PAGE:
Leonard R.* called me from San Jose one day.
He was rightly frustrated and at wit's end about a major medical services company who insisted that Leonard had not yet paid a bill that he HAD, in fact, PAID months ago!
Leonard Could Demonstrate He'd Already Paid His Bill in Full
What's more is that Leonard had the PROOF that he had paid. How did he get it? Well, he had kept the original contract and then requested a copy of the check he sent to them from his own bank, but then he went to the company itself and asked them to admit that he didn't owe it. Had the company just left Leonard alone, he might never have called me (even though by that time, he already had a really good case!) for help.
The Company Illegally Called Leonard, then Passed Him to a Collection Agency
But, they didn't. The company not only continued to call Leonard on his cell phone after he told them not to (a major violation of the Federal Telephone Consumer Protection Act, or "TCPA"), they forwarded his account to a collection agency! A collection agency which then reported false information to the Credit Bureaus!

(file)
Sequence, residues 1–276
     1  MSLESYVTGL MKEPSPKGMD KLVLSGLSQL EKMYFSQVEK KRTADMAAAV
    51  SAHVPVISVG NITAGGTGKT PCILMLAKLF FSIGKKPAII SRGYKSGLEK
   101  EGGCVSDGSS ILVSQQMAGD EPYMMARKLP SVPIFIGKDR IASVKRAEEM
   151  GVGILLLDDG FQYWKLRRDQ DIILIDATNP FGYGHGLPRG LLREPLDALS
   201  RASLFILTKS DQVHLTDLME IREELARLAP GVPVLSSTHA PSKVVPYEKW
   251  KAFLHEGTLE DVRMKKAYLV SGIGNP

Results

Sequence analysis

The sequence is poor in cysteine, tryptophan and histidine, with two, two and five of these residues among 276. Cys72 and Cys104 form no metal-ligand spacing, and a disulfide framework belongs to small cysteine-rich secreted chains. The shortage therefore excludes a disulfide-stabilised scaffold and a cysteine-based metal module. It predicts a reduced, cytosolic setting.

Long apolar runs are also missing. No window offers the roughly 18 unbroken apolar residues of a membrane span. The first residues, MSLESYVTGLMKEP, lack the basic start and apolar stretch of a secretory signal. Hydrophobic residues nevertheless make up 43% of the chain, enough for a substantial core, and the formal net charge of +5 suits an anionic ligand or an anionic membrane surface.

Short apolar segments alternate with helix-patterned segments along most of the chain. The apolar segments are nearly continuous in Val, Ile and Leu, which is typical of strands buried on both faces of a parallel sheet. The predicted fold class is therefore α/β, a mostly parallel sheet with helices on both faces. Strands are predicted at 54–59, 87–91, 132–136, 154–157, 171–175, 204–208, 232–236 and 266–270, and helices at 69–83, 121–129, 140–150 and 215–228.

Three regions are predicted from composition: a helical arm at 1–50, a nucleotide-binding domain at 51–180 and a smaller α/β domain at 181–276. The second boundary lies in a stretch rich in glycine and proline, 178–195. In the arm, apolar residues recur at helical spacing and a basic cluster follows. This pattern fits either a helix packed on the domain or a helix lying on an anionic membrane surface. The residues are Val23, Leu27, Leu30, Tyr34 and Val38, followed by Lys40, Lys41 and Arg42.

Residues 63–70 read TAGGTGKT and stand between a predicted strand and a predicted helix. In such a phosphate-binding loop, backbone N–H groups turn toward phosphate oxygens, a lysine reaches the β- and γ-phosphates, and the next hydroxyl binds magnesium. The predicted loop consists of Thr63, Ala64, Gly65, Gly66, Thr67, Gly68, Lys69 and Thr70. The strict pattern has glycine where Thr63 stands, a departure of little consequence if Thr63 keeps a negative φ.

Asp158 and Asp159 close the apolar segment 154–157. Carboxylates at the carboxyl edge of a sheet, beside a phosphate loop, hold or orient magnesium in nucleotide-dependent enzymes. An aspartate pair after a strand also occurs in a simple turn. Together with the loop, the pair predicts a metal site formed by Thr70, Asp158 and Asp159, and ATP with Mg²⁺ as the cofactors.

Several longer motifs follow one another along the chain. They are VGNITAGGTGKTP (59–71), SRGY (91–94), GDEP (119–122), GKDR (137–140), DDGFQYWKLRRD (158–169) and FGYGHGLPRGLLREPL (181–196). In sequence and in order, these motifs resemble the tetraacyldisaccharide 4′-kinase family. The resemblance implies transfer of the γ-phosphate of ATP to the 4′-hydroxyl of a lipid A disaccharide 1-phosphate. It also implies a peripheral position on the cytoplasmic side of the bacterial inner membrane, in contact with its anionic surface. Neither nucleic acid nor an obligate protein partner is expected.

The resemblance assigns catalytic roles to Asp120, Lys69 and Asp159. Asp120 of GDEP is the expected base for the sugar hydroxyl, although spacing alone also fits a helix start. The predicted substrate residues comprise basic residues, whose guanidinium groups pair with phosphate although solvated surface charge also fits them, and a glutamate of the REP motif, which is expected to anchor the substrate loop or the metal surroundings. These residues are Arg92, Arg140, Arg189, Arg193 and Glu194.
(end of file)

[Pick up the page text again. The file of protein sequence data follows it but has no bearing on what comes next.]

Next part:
By the time I got that call from Leonard, both the medical services company AND the collection agency had dug themselves a hole that they just weren't going to get out of. The Federal Lawsuit alleged dozens of violations of State and Federal debt collection and credit reporting laws that subjected the medical services company and the debt collection agency to significant liability.
Leonard's case was resolved to everyone's satisfaction a few weeks later by way of a CONFIDENTIAL SETTLEMENT that prevents us using Leonard's real name in this story, telling you what happened to the "debt" and all of the credit reporting errors, and from letting you know about the amount of the Settlement Payment.
I think that the moral to this story is that if you've already paid a bill, but someone is still trying to get you to pay more, get help fast.
* Real names have been changed to protect confidentiality. This testimonial, dramatization, or endorsement does not constitute a guarantee, warranty, or prediction regarding the outcome of your legal matter. The results portrayed were dependent on the facts of that case, and your results will differ if based on different facts.